Synopses & Reviews
This text is designed for those instructors who desire a comprehensive introduction to formal logic that is both rigorous and accessible to students encountering the subject for the first time. Numerous, carefully crafted exercise sets accompanied by clear, crisp exposition give students a firm grasp of basic concepts and take the student from sentential logic through first-order predicate logic, the theory of descriptions, and identity. As the title suggests, this is a book devoted not merely to logic; students will encounter an extraordinary amount of philosophy as well. Upon completing the first two parts of the text, a student will be well prepared for advanced courses in analytic philosophy. The last part deals with supplemental matters-informal fallacies, modal logic, and inductive logic, among others.
Synopsis
This text is designed for those instructors who desire a comprehensive introduction to formal logic that is both rigorous and accessible to students encountering the subject for the first time. Numerous, carefully crafted exercise sets accompanied by clear, crisp exposition give students a firm grasp of basic concepts and take the student from sentential logic through first-order predicate logic, the theory of descriptions, and identity. As the title suggests, this is a book devoted not merely to logic; students will encounter an extraordinary amount of philosophy as well. Upon completing the first two parts of the text, a student will be well prepared for advanced courses in analytic philosophy. The last part deals with supplemental matters?informal fallacies, modal logic, and inductive logic, among others.
Synopsis
This text is designed for those who desire a comprehensive introduction to logic which is both rigorous and student friendly. Numerous, carefully graded exercise sets accompanied by crisp, clear exposition take the student from sentential logic through first order predicate logic with identity. The rules are carefully motivated and compared to other systems of rules for sentential and predicate logic. The text includes a solid range of additional material, including chapters devoted to Aristotelian logic, informal logic, inductive logic, and modal, epistemic, and deontic logics. Through all editions, the goal has been to make symbolic logic understandable for the typical student. Careful explanation and pedagogy make this the easiest text from which to learn symbolic logic.
About the Author
Alan Hausman received a Ph.D. in philosophy from Iowa State University and now teaches philosophy at Hunter College. He has published extensively on history of early modern philosophy, especially on the work of Hume, and on the work of Nelson Goodman.Howard Kahane (deceased) is considered one of the founders of the critical thinking movement?an approach to logic that makes it less abstract and more practical as a tool for analyzing political and social issues.Paul Tidman received his Ph.D. in philosophy from the University of Notre Dame.
Table of Contents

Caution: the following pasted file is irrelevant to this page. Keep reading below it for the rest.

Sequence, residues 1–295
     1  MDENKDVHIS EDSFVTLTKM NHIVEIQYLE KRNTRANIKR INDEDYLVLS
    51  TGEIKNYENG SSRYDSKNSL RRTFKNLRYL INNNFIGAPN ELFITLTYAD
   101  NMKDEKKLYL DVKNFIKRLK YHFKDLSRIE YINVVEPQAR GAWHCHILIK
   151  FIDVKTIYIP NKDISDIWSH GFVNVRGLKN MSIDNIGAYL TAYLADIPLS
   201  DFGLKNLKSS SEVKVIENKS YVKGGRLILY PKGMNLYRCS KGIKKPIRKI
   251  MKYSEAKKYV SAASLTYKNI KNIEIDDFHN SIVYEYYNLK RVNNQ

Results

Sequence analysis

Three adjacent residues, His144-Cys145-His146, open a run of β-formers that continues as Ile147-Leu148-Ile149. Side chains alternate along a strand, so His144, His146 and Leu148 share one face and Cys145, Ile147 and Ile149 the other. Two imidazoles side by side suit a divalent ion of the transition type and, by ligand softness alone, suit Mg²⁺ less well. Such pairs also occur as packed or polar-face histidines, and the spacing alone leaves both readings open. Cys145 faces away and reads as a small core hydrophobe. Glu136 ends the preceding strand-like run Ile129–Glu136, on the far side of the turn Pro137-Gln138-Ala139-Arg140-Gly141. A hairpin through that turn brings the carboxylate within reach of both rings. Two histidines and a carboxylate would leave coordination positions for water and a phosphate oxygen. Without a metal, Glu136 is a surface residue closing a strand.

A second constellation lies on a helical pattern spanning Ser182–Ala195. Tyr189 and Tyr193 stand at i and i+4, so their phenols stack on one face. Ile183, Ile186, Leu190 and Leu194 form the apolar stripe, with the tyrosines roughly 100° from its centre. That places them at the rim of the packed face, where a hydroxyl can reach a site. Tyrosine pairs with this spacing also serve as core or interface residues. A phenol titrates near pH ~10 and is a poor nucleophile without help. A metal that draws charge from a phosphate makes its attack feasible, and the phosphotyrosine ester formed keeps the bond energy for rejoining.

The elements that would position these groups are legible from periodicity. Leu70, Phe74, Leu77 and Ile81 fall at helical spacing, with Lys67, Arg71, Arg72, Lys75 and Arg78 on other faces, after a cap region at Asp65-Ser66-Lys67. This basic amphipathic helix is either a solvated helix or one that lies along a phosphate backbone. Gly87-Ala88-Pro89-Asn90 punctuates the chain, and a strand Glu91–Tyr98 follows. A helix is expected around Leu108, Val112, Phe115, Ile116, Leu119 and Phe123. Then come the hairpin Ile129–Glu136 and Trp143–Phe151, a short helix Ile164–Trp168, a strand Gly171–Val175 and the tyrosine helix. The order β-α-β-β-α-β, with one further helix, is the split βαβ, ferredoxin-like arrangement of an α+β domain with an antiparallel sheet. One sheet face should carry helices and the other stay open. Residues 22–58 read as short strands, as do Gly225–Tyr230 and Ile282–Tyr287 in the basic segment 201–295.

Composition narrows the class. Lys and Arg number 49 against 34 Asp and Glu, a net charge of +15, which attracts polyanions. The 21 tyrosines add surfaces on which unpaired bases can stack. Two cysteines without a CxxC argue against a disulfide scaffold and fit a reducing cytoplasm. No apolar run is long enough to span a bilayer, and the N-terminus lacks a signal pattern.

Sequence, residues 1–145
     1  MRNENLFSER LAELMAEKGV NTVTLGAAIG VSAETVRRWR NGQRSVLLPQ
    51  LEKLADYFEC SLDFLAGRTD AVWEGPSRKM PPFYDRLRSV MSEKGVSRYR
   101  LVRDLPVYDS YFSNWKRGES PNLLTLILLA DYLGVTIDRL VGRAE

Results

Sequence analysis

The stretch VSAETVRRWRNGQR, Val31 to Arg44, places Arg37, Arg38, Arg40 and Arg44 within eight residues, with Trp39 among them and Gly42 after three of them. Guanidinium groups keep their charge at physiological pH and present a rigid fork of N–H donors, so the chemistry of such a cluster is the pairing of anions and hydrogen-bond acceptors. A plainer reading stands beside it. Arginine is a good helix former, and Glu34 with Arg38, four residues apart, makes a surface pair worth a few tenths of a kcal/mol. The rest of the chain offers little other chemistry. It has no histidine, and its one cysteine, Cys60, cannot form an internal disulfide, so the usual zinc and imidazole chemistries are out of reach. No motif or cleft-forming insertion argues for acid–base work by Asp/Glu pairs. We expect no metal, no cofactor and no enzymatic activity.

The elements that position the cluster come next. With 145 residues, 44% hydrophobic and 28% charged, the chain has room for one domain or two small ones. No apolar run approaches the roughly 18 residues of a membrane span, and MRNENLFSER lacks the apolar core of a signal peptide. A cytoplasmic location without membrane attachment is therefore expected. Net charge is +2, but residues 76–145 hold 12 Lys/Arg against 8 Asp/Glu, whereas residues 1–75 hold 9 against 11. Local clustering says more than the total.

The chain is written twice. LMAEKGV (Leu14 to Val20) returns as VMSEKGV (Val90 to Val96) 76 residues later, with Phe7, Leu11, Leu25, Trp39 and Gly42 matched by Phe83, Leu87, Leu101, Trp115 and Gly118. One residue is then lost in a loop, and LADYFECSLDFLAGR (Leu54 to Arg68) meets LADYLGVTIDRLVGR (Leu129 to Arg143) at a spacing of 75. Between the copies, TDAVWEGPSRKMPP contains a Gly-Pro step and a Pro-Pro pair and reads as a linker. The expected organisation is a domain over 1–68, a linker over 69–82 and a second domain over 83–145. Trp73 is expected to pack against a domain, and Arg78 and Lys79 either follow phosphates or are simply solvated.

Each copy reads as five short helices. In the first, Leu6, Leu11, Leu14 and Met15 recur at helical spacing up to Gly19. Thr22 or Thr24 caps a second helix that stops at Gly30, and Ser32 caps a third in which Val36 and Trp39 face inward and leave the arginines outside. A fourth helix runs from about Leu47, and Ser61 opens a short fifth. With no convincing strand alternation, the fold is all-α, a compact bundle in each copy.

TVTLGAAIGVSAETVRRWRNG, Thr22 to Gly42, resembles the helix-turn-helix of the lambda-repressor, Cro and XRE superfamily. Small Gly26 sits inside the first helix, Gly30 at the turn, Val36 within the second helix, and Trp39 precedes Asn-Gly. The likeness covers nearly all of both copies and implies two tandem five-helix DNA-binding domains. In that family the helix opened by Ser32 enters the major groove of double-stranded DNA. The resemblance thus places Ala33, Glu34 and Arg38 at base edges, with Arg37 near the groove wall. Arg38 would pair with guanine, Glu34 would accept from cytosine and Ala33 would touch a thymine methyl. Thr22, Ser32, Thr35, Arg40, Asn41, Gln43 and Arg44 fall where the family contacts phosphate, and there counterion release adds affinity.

Preface. 1. Introduction. The Elements of an Argument. Deduction and Induction.Deductive Argument Forms. Truth and Validity. Soundness. Consistency. Consistency and Validity Compared. Contexts of Discovery and Justification. The Plan of This Book. Part 1: SENTENTIAL LOGIC. 2. Symbolizing in Sentential Logic. Atomic and Compound Sentences. Truth Functions. Conjunctions. Nontruth-Functional Connectives. Variables and Constants. Negations. Parentheses and Brackets. Use and Mention. Disjunctions. "Not Both" and "Neither?Nor" Material Conditionals. Material Biconditionals. "Only if" and "Unless" Symbolizing Complex Sentences. Alternative Sentential Logic Symbols. 3. Truth Tables. Computing Truth-Values. Logical Form. Tautologies, Contradictions, and Contingent Sentences. Logical Equivalences. Truth Table Test of Validity. Truth Table Test of Consistency. Validity and Consistency. The Short Truth Table Test for Invalidity. The Short Truth Table Test for Consistency. A Method of Justification for the Truth Tables. 4. Proofs. Argument Forms. The Method of Proof, Modus Ponens and Modus Tollens. Disjunctive Syllogism and Hypothetical Syllogism. Simplification and Conjunction. Addition and Constructive Dilemma. Principles of Strategy. Double Negation and DeMorgan's Theorem. Commutation, Association, and Distribution. Contraposition, Implication, and Exportation. Tautology and Equivalence. More Principles of Strategy. Common Errors in Problem Solving. 5. Conditional and Indirect Proofs. Conditional Proofs. Indirect Proofs. Strategy Hints for Using CP and IP. Zero Premise Deductions. Proving Premises Inconsistent. Adding Valid Argument Forms. The Completeness and Soundness of Sentential Logic. Introduction and Elimination Rules. 6. Sentential Logic Truth Trees. The Sentential Logic Truth Tree Method. The Truth Tree Rules. Details of Tree Construction. Normal Forms and Trees. Constructing Tree Rules for Any Function. Part II: PREDICATE LOGIC. 7. Predicate Logic Symbolization. Individuals and Properties. Quantifiers and Free Variables. Universal Quantifiers. Existential Quantifiers. Basic Predicate Logic Symbolizations. The Square of Opposition. Common Pitfalls in Symbolizing with Quantifiers. Expansions. Symbolizing "Only", "None but", and "Unless." 8. Predicate Logic Semantics. Interpretations in Predicate Logic. Proving Invalidity. Using Expansions to Prove Invalidity. Consistency in Predicate Logic. Validity and Inconsistency in Predicate Logic. 9. Predicate Logic Proofs. Proving Validity. The Four Quantifier Rules. The Five Main Restrictions. Precise Formulation of the Four Quantifier Rules. Mastering the Four Quantifier Rules. Quantifier Negation (QN). 10. Relational Predicate Logic. Relational Predicates. Symbolizations Containing Overlapping Quantifiers. Expansions and Overlapping Quantifiers. Places and Times. Symbolizing "Someone", "Somewhere", "Sometime", and So On. Invalidity and Consistency in Relational Predicate Logic. Relational Predicate Logic Proofs. Strategy for Relational Predicate Logic Proofs. Theorems and Inconsistency in Predicate Logic. Predicate Logic Metatheory. A Simpler Set of Quantifier Rules. 11. Rationale Behind the Precise Formulation of the Four Quantifier Rules. Cases Involving the Five Major Restrictions. One-to-One Correspondence Matters. Accidentally Bound Variables and Miscellaneous Cases. Predicate Logic Proofs with Flagged Constants. 12. Predicate Logic Truth Trees. Introductory Remarks. General Features of the Method. Specific Examples of the Method. Some Advantages of the Trees. Example of an Invalid Argument with at Least One Open Path. Metatheoretic Results. Strategy and Accounting. 13. Identity and Definite Descriptions. Identity. Definite Descriptions. Properties of Relations. Higher-Order Logics. Limitations of Predicate Logic. Philosophical Problems. Logical Paradoxes. 14. Aristotelian Logic. Categorical Propositions. Existential Import. The Square of Opposition. Conversion, Obversion, Contraposition. Syllogistic Logic?Not Assuming Existential Import. Venn Diagrams. Syllogisms. Determining Syllogism Validity. Venn Diagram Proofs of Validity or Invalidity. Five Rules for Determining Validity or Invalidity. Syllogistics Extended. Enthymemes. Sorites. Technical Restrictions and Limitations; Modern Logic and Syllogistic Logic Compared. Part 3: OTHER SYSTEMS OF LOGIC. 15. Informal Logic. The Nature of Fallacy. Fallacy Classification. 16. Inductive Logic. A Mistaken View of Induction and Deduction. Kinds of Inductive Arguments. Cause and Effect. Mill's Methods. Inductive Probability. The Probability Calculus. Bayes' Theorem. Induction Is Unjustified?The Old Riddle of Induction. Not All Instances of Theories Confirm Them?The New Riddle of Induction. 17. Axiom Systems. The Nature of an Axiom System. Interpreted and Uninterpreted Systems. Properties of Axiom Systems. Outline of an Axiom System for Sentential Logic. Axiom Systems for Predicate Logic. Other Kinds of Axiom Systems. 18. Alternative Logics. Modal Logic. Strict Implication. Modal Axioms. Modal Theorems. Modal Paradoxes. A Philosophical Problem. Modal Predicate Logic. Epistemic Logic: The Logic of Knowledge and Belief. Epistemic Theorems. Deontic Logic. Problems with Deontic Systems. Answers to Even-Numbered Exercise Items. Bibliography. Special Symbols. Index.